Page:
Admission time: when I’ve finished writing this feature, I’ll be heading to the office Christmas party. I plan to drink.

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But not as much as I have in previous years – because I’ve just had a very sobering look at alcohol education charity Drinkaware’s online Unit & Calorie Counter.

I worked out that if I have two glasses of bubbly (3 units, 178 calories) and three G&Ts (3 units, 183 calories), it will be double my maximum daily unit allowance – and put me in the category called ‘increasing risk’ of alcohol damaging my health.

I’m not trying to be Scrooge and take all the joy out of the festive season, but at this time of year, we give ourselves a licence to drink – and our wellbeing takes a hit as a result.

If you choose to drink alcohol this festive season there are a number of things you can do to ensure it’s a Christmas to remember for the right reasons. Here's some tips:

Alcohol unit guidelines

The UK Chief Medical Officers’ guideline for both men and women is that to keep health risks from alcohol to a low level it is safest not to drink more than 14 units a week on a regular basis. If you regularly drink as much as 14 units per week, it's best to spread your drinking evenly over three or more days

Drink less and stay safe this Christmas. Follow Drinkaware’s advice to make sure you have a merry, healthy Christmas:

1. Downsize your drinks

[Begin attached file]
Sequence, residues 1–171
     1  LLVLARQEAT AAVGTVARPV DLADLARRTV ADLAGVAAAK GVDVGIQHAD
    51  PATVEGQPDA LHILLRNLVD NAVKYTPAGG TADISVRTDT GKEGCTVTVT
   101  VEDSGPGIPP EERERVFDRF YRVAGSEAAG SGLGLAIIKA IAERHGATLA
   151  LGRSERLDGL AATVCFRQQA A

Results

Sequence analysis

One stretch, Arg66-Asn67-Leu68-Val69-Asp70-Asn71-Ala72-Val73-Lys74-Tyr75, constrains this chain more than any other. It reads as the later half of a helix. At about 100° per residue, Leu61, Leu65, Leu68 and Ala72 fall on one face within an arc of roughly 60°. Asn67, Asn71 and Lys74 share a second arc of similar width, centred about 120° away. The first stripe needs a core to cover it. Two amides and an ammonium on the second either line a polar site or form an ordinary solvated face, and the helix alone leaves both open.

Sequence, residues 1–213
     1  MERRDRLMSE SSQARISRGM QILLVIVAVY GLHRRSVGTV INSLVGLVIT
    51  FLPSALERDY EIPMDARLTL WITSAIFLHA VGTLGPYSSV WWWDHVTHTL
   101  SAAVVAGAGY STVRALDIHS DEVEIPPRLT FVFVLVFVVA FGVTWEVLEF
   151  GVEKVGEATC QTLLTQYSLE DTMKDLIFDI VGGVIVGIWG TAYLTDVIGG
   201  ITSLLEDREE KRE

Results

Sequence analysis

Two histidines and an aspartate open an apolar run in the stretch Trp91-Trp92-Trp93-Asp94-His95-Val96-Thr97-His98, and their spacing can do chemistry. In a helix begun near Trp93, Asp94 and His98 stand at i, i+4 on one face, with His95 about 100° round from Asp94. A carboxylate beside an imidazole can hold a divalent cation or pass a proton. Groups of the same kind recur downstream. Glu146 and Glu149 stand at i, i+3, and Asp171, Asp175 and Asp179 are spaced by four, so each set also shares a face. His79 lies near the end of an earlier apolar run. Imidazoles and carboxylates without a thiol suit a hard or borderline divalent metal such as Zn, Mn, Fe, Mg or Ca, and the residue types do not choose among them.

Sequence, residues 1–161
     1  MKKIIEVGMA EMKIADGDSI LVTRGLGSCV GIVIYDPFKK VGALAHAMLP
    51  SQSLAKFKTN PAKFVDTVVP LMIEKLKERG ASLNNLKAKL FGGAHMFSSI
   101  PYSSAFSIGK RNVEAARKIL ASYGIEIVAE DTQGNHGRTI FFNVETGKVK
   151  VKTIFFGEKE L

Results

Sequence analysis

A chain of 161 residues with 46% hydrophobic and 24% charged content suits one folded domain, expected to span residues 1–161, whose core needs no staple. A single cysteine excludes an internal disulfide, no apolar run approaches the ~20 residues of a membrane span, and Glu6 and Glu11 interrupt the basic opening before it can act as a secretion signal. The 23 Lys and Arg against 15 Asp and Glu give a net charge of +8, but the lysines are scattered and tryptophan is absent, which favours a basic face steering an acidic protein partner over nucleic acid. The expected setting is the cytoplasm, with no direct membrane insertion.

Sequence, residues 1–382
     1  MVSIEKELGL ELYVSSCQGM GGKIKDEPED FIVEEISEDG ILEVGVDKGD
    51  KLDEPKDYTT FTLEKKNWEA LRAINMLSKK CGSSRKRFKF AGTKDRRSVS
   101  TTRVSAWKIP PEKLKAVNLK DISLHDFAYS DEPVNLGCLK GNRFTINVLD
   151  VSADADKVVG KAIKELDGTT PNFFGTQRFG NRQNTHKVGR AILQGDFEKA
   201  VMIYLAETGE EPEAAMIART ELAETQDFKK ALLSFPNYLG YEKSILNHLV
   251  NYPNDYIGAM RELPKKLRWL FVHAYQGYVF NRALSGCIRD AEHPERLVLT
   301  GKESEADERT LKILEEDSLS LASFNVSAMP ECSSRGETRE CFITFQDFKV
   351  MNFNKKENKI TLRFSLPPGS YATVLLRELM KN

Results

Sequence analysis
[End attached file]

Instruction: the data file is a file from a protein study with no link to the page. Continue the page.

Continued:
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If you’re a beer drinker, make the units go further by drinking halves instead of pints.

If you’re a wine drinker, opt for a smaller glass.

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2. Don’t drink on an empty stomach

A healthy meal before you go out, and snacks between drinks, can slow down the absorption of alcohol into your bloodstream and help you to stay in control. So fill up on a festive meal or Christmas snacks before your first drink.

3. Stick together

Make sure you leave your Christmas party in pairs or as a group. Don’t leave anyone behind. It's not just the girls who need to watch out – lone men can be vulnerable, too.

4. Plan your journey home while you've got a clear head

If you’re going to get a taxi, make sure you book it ahead or take a licensed black cab, rather than taking an unlicensed taxi you see on the street.

5. Keep warm

Alcohol makes blood flow to the blood vessels near your skin and away from the core of your body. So while it feels like you’re warm because your skin is warm, your vital organs aren’t as warm as you might think. If you’re trying to get home in the cold after drinking, you can lose heat very easily and quickly, putting yourself at risk.